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Case Reports in Otolaryngology
Volume 2013 (2013), Article ID 103646, 5 pages
http://dx.doi.org/10.1155/2013/103646
Case Report

Inflammatory Myofibroblastic Tumour of the Skull Base

1Department of Radiation Oncology, Saint-André University Hospital, University Bordeaux Segalen, 33076 Bordeaux, France
2Department of Pathology, Pellegrin University Hospital, University Bordeaux Segalen, Bordeaux, France
3Department of Neurosurgery A, Pellegrin University Hospital, University Bordeaux Segalen, Bordeaux, France
4Department of Otolaryngology and Skull Base Surgery, Pellegrin University Hospital, University Bordeaux Segalen, Bordeaux, France

Received 8 January 2013; Accepted 20 February 2013

Academic Editors: E. Mevio and M. S. Timms

Copyright © 2013 Jean-Philippe Maire et al. This is an open access article distributed under the Creative Commons Attribution License, which permits unrestricted use, distribution, and reproduction in any medium, provided the original work is properly cited.

Abstract

Inflammatory myofibroblastic tumors (IMTs) are rare benign clinical and pathological entities. IMTs have been described in the lungs, abdomen, retroperitoneum, and extremities but rarely in the head and neck region. A 38-year-old man presented with headache, right exophthalmia, and right 6th nerve palsy. A CT scan revealed enlargement of the right cavernous sinus and osteolytic lesions of the right sphenoid and clivus. MR imaging showed a large tumor of the skull base which was invading the sella turcica, right cavernous sinus, and sphenoidal sinus. A biopsy was performed and revealed an IMT. Corticosteroids were given for 3 months but were inefficient. In the framework of our pluridisciplinary consultation, fractionated conformal radiotherapy (FRT) was indicated at a low dose; 20 Gy in 10 fractions of 2 Gy over 12 days were delivered. Clinical response was complete 3 months after FRT. Radiological response was subtotal 6 months after FRT. Two years later, the patient is well.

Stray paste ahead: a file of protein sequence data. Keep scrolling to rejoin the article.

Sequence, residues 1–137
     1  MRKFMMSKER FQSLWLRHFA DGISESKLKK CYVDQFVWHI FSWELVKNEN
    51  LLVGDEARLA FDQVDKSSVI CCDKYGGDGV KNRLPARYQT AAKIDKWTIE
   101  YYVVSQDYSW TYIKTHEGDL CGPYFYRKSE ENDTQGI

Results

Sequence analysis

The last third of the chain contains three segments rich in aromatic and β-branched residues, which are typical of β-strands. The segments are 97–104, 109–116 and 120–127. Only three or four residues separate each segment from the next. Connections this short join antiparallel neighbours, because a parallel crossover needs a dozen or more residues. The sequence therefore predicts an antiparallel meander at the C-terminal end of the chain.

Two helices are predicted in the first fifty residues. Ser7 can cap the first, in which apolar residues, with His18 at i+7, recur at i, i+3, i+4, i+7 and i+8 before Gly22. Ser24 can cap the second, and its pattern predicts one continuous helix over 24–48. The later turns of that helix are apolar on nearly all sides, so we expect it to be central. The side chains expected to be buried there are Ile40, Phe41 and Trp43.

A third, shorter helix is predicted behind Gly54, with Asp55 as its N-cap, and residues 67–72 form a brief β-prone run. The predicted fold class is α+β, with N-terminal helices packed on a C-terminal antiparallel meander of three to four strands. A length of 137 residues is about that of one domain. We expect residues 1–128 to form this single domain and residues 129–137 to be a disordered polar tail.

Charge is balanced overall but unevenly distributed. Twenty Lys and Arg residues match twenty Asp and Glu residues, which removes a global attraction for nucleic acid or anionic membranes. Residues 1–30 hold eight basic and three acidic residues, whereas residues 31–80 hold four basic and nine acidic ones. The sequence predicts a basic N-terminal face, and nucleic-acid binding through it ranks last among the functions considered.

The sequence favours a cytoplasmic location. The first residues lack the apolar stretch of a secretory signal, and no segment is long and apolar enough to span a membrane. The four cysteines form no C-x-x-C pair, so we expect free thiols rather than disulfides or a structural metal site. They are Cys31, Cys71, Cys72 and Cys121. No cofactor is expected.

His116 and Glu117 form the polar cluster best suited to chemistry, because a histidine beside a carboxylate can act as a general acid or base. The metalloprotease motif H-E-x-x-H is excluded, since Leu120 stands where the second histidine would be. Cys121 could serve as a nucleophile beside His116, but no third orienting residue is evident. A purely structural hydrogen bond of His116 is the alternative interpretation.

1. Introduction

Inflammatory myofibroblastic tumors (IMTs), also called inflammatory pseudo tumors or plasma cell granuloma, have been defined in the classification of soft tissue tumors as a lesion composed of myofibroblasts with inflammatory infiltrate [1]. This tumor is now recognized as a neoplastic mass that usually has an uneventful clinical course after radical resection. However, aggressive cases showing invasive, locally recurrent, multiple, and metastatic forms have also been reported [2].

This tumor has been primarily described in the soft tissues and viscera of children and young adults [3], with equal incidence in male and female patients [4]. IMT rarely affects the head and neck region. Despite an apparently benign morphological nature, they have been reported to have locally aggressive growth. Complete surgical excision has proved to be an effective treatment, with some recurrences occurring after surgery. Here, we report a rare case of a large IMT of the skull base causing headache, exophthalmia, and 6th nerve palsy, which could not be operated without heavy morbidity and which resolved after low-dose fractionated radiotherapy.

2. Case Report

A 38-year-old man presented with headache, right exophthalmia, and right 6th nerve palsy. A CT scan revealed enlargement of the right cavernous sinus and osteolytic lesions of right sphenoid and clivus (Figure 1). MR imaging showed a large tumor of the skull base that was invading the sella turcica, right cavernous sinus, and sphenoidal sinus (Figure 1). A biopsy was performed and revealed a dense proliferation of spindle cells, partly with an epithelioid aspect, arranged in well-organized fascicles suspended in a myxoid background, and admixed with many inflammatory cells, mostly lymphocytes, plasma cells, eosinophils and rare mast cells, diagnosed as an IMT (Figure 2).

fig1
Figure 1: (a) Enlargement of the right cavernous sinus and osteolysis of the right sphenoid bone and clivus on CT scan. (b) Axial T1-weighted MRI with gadolinium contrast showing a large tumor of the skull base invading the sella turcica, right cavernous sinus, and sphenoidal sinus.
fig2
Figure 2: (a) HES × 10: a dense proliferation of spindle cells, partly with an epithelioid aspect, arranged in well-organized fascicles suspended in a myxoid background and admixed with many inflammatory cells, mostly lymphocytes, plasma cells, eosinophils, and rare mast cells. (b) HES × 20: spindle cells present with few atypical features: prominent nucleolus, anisokaryosis, and modest mitotic activity. (c) immunostaining with smooth muscle actin (SMA): spindle cells present a cytoplasmic and diffuse positivity with SMA. (d) immunostaining with CD45 (antipanleukocytes) exhibits the significant lymphoplasmacytic population. FISH analysis was performed: no rearrangement for ALK-1 gene was noticed.

Three months treatment with corticosteroids was inefficient. In the framework of our neurooncological plurisdisciplinary consultation, fractionated conformal radiotherapy (FRT) was indicated at a low dose; 20 Gy in 10 fractions of 2 Gy over 12 days were delivered as corticosteroids were decreased until definitive arrest in 30 days.